Death Proof: Appropos of the Lisa Bloom Memo

On the Wednesday of the week before the current semester would start, I sat down and watched Quentin Tarantino’s Death Proof for the first time. It had risen to the top of my consciousness for a few reasons — Zöe Bell and Kurt Russell played a married couple in Tarantino’s most recent movie; I had just been in Northampton, MA, where I remembered hearing someone talking about his plan to go see it the first day I ever spent much time there — a cold and snowy day in April, 2007 that happened to be opening night; and with the semester bearing down on me, I was in the mood to procrastinate. Also, I’d just committed to making an effort to watch movies that skewed scary and ambiguous, in response to what may be one of A.S. Hamrah’s key arguments in The Earth Dies Streaming.

The moment the movie came out was remarkable for personal and more universal reasons. On the release day — April 6, 2007 — I was driving from Vermont, where I’d been living with my then-boyfriend, now husband, down to my parents’ house in Maryland in a very liminal state. I had just quit my shitty first-job-post-college after getting into graduate school; I had no idea what to expect from my future commitment to life in the Pioneer Valley dedicated to economic academia; I was going to New Zealand for a month; and my now-husband and I didn’t know that we were going to stay together for the then foreseeable future. Twitter had been created the previous year, but was not yet the juggernaut of takes and opinion it would become, for better and worse; flip-phones reigned; and ride-hailing apps were a distant fantasy.

The movie itself was initially half of a double-feature with a Robert Rodriguez film (Planet Terror) under the name Grindcore; I don’t know which movie came first, since I worried at the time that it would be too scary. When I bought the movie, it was a standalone film, and so fleshed-out that I can’t imagine the story telling anything so rich in less than the current running time of 113 minutes. Needless to say, spoilers abound in what is left of this post.

In brief, Death Proof is a call-back to the ‘car-chase’ genre (you can learn a lot on Wikipedia), and a very Tarantino-esque exercise in the subversion of exploitation film-types from the 1970s. It follows two different groups of women who attract the malevolent attention of a drifter who calls himself Stuntman Mike, and may be a former stunt driver, though no one seems to remember any of the movies he claims to have performed in. In the first half of the movie, a group of girls — Julia, Arlene, and Shanna, are headed to a lake house in Texas, after getting hammered at a local bar; no boys are allowed. In the second half, a group of friends — Abernathy, a makeup artist, Lee, an actress, and Kim and Zöe, stunt doubles — working on movies filming in rural Tennessee, are catching up during a rare lull for all at the same time; the stunt doubles have a plan to test-drive a dead-ringer for the car from Vanishing Point (a white Dodge Challenger from 1970). Hi jinks — deadly! — ensue for both groups.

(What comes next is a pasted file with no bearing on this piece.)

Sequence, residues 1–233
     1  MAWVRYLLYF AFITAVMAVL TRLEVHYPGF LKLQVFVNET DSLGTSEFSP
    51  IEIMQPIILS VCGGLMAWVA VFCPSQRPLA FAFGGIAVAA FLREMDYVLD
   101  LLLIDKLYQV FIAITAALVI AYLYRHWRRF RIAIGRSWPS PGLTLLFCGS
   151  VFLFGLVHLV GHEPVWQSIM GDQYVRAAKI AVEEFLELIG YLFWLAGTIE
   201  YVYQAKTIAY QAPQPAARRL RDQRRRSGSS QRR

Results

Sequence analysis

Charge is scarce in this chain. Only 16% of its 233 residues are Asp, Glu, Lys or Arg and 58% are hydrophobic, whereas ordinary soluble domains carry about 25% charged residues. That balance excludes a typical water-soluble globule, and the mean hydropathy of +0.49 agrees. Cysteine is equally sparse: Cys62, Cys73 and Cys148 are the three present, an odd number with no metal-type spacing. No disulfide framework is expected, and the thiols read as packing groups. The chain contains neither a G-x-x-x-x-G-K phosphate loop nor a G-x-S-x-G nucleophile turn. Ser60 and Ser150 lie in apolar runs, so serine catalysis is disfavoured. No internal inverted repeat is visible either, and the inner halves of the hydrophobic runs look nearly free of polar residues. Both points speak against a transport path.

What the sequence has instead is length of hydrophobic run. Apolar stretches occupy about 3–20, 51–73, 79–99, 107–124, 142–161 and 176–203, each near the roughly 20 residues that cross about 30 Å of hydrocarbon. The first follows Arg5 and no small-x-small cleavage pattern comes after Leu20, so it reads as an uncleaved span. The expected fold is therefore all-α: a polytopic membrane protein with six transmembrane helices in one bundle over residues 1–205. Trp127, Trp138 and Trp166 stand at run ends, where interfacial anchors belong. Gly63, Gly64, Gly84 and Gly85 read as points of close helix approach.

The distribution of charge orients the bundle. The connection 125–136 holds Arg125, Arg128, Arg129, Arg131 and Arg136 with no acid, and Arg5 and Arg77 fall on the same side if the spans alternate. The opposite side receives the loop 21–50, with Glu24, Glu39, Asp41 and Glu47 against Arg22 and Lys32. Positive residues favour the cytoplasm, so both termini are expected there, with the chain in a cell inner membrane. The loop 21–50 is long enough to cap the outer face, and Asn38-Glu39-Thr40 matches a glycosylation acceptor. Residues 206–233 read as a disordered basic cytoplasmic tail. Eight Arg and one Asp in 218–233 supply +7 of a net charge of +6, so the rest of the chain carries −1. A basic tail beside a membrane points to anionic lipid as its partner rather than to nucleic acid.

Here’s what you might successfully predict about the movie: there are a lot of bare feet; Quentin Tarantino plays a creepy dude who gets to put his arm around a lot of pretty young actresses (some of them even sit in his lap), and there are a bunch of callbacks to music in other Tarantino movies. He also imagines that a group of hip young women in their mid-20s will dance with abandon to deep cuts from his personal jukebox, which is cited in the credits.